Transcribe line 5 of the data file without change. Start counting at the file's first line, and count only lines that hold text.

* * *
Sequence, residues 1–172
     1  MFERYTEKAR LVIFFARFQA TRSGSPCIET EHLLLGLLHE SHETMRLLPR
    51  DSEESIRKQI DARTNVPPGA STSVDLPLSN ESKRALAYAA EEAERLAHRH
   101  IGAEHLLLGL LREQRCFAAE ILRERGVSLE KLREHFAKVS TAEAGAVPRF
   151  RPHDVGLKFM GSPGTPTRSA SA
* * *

   151  RPHDVGLKFM GSPGTPTRSA SA